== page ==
The green foxtail millet (Setaria virids) that is the focus of this research project is just one species of a large and diverse group of plants called millets. Simply put, millets are grasses that produce small seeds. The origin of the millets can be linked to western Africa, however they can now be found in many parts of the world. Some millets are cultivated as a food source and have been done so for thousands of years. They are particularly important in developing Asian and African countries. The millet most commonly used for food production is pearl millet, which is a popular food grain in India and many parts of Africa. Other important crop millets grown in the developing world include finger millet, proso millet, and foxtail millet.
In developed countries, millets are not as commonly used as a food source. In the United States, for example, millets can most commonly be found in bird seed.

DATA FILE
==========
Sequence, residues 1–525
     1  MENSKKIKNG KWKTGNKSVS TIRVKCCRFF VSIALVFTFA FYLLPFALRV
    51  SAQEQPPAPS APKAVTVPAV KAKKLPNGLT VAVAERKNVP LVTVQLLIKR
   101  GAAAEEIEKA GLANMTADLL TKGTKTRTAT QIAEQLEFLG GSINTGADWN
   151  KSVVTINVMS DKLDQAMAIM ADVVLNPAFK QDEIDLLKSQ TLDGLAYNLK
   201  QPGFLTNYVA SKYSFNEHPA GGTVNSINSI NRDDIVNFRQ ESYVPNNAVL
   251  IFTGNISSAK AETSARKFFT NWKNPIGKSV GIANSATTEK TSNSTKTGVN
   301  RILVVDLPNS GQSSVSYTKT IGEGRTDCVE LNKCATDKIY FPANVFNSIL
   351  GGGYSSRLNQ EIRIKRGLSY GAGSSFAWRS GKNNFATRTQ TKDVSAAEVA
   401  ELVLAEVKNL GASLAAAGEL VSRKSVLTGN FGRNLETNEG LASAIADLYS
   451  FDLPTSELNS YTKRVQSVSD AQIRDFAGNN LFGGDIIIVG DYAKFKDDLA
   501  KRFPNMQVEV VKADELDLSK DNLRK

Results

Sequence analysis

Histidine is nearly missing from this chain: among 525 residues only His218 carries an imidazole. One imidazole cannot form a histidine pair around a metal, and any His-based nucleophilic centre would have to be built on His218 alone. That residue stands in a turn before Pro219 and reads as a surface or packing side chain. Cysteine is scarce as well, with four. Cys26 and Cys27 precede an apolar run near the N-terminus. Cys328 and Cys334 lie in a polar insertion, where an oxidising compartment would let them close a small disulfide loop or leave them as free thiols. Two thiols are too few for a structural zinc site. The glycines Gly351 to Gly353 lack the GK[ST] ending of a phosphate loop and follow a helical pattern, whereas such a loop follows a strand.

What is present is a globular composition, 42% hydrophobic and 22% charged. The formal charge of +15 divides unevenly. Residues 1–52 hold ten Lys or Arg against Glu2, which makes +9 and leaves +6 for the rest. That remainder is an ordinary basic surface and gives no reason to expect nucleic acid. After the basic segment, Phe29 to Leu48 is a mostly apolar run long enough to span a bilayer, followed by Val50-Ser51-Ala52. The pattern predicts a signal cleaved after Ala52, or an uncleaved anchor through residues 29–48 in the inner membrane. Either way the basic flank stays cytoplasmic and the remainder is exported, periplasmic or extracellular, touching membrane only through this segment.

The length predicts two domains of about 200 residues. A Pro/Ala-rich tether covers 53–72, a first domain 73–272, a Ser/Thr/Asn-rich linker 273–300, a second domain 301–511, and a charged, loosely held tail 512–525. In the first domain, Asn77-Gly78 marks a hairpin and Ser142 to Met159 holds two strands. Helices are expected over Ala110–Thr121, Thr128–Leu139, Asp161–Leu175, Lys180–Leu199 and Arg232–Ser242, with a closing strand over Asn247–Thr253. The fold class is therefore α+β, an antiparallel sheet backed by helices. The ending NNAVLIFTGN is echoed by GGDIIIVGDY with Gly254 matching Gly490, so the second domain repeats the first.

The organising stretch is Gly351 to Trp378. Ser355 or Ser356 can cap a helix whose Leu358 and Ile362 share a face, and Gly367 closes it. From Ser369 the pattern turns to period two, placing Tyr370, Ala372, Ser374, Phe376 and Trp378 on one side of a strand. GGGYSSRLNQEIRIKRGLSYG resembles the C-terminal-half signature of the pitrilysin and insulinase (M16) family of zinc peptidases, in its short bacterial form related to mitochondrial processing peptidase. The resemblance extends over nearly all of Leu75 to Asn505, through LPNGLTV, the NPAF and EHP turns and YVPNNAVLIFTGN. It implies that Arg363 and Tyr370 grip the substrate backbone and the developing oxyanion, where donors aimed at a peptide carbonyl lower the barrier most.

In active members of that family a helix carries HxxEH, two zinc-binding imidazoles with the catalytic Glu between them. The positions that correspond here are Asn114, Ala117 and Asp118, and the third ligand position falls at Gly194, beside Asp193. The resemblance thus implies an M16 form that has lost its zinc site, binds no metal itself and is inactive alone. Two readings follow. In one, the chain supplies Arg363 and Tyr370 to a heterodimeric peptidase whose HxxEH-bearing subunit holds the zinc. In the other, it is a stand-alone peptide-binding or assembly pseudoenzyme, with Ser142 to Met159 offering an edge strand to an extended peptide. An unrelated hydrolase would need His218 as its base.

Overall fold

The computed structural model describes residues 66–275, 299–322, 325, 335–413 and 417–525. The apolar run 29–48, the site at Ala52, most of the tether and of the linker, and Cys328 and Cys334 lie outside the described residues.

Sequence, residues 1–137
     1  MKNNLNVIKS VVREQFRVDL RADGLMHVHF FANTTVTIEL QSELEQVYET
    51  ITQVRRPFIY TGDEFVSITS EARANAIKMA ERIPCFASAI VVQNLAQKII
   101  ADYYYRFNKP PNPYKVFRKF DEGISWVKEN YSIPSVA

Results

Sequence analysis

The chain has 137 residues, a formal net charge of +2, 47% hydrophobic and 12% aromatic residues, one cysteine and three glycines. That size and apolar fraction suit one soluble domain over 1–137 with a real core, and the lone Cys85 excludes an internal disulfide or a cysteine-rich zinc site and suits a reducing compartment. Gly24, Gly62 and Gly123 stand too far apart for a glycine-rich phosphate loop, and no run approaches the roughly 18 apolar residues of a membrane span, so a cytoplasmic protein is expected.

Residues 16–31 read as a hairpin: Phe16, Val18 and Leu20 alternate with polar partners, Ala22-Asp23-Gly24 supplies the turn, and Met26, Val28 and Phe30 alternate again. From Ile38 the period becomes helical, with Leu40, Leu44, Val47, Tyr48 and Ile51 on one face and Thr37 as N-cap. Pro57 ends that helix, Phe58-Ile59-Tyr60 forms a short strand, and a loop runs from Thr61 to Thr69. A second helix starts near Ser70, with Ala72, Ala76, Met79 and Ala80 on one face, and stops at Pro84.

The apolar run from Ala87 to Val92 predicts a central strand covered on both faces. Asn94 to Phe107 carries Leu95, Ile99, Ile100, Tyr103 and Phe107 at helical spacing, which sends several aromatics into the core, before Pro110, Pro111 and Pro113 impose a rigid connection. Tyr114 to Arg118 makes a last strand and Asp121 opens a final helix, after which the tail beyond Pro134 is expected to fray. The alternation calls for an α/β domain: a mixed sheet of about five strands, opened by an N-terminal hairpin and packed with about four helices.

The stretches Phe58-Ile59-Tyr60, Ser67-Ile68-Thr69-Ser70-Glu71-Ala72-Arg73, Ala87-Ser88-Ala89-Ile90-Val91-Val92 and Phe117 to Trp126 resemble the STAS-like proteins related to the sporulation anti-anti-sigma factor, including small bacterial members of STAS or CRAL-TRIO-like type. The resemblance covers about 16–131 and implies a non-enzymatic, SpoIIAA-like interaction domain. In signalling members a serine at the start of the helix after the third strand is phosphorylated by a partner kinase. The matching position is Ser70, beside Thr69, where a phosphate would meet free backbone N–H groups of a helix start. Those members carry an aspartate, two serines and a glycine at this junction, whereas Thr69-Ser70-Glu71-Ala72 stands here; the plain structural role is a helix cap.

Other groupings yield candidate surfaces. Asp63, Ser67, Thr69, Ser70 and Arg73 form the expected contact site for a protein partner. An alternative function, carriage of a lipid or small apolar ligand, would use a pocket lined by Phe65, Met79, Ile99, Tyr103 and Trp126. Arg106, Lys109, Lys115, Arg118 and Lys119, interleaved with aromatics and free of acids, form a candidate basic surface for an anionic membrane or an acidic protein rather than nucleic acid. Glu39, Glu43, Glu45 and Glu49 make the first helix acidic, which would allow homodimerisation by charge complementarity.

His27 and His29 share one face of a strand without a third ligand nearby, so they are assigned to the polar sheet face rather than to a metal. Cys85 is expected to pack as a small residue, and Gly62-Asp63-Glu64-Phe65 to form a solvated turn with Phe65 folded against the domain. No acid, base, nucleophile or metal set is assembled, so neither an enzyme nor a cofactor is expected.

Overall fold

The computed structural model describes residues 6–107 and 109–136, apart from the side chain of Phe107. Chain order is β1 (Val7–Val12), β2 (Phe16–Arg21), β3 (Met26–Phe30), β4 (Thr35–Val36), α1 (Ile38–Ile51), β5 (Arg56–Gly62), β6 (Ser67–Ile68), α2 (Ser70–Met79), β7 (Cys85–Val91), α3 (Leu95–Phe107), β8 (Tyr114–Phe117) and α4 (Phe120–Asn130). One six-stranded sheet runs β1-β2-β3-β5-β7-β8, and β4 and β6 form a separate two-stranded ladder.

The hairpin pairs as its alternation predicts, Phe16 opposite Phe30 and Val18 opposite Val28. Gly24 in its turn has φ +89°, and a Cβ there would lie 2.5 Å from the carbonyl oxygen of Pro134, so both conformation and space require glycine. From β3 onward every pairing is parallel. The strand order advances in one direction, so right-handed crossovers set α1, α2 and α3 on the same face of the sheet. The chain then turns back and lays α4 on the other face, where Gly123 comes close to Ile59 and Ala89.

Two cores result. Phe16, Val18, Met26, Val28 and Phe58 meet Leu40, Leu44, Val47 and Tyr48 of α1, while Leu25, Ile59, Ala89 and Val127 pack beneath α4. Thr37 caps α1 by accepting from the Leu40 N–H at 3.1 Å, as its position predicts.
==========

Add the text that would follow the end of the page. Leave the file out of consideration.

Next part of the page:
The millet family is quite diverse in appearance. Some species can be as small as one to two feet while others can be as tall as 12 feet high. The appearance and color of the seeds can also vary among species, where some can be more spherical and white while others are more hexagonal and purple. In addition to seed shape and color, the panicles in which the seeds form also can vary significantly. Pearl millet, for example produces one panicle per plant, while finger millet can produce as many as a half dozen on a single plant. The great diversity that can be found within millets makes it a great research tool to study evolution and other interesting biological questions.
Contributed by Tim Anderson, PhD